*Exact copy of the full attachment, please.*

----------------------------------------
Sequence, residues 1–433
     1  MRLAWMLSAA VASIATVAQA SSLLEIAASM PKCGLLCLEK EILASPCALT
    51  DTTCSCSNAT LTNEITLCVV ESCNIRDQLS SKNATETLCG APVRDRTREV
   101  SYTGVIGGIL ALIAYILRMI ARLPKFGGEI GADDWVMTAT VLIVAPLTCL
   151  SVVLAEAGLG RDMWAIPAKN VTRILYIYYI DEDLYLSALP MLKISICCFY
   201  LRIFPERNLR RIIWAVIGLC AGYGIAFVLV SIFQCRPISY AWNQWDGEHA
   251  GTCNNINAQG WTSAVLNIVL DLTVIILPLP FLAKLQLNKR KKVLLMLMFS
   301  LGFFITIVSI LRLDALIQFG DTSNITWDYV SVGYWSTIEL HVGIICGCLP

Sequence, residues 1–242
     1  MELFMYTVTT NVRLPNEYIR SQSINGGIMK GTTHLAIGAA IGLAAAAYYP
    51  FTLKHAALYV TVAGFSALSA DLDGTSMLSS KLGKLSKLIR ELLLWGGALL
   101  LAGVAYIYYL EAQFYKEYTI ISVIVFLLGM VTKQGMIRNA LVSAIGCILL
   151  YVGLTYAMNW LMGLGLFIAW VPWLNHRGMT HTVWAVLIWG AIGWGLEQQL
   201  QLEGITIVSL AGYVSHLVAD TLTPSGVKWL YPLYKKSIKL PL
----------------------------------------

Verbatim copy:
Sequence, residues 1–433
     1  MRLAWMLSAA VASIATVAQA SSLLEIAASM PKCGLLCLEK EILASPCALT
    51  DTTCSCSNAT LTNEITLCVV ESCNIRDQLS SKNATETLCG APVRDRTREV
   101  SYTGVIGGIL ALIAYILRMI ARLPKFGGEI GADDWVMTAT VLIVAPLTCL
   151  SVVLAEAGLG RDMWAIPAKN VTRILYIYYI DEDLYLSALP MLKISICCFY
   201  LRIFPERNLR RIIWAVIGLC AGYGIAFVLV SIFQCRPISY AWNQWDGEHA
   251  GTCNNINAQG WTSAVLNIVL DLTVIILPLP FLAKLQLNKR KKVLLMLMFS
   301  LGFFITIVSI LRLDALIQFG DTSNITWDYV SVGYWSTIEL HVGIICGCLP

Sequence, residues 1–242
     1  MELFMYTVTT NVRLPNEYIR SQSINGGIMK GTTHLAIGAA IGLAAAAYYP
    51  FTLKHAALYV TVAGFSALSA DLDGTSMLSS KLGKLSKLIR ELLLWGGALL
   101  LAGVAYIYYL EAQFYKEYTI ISVIVFLLGM VTKQGMIRNA LVSAIGCILL
   151  YVGLTYAMNW LMGLGLFIAW VPWLNHRGMT HTVWAVLIWG AIGWGLEQQL
   201  QLEGITIVSL AGYVSHLVAD TLTPSGVKWL YPLYKKSIKL PL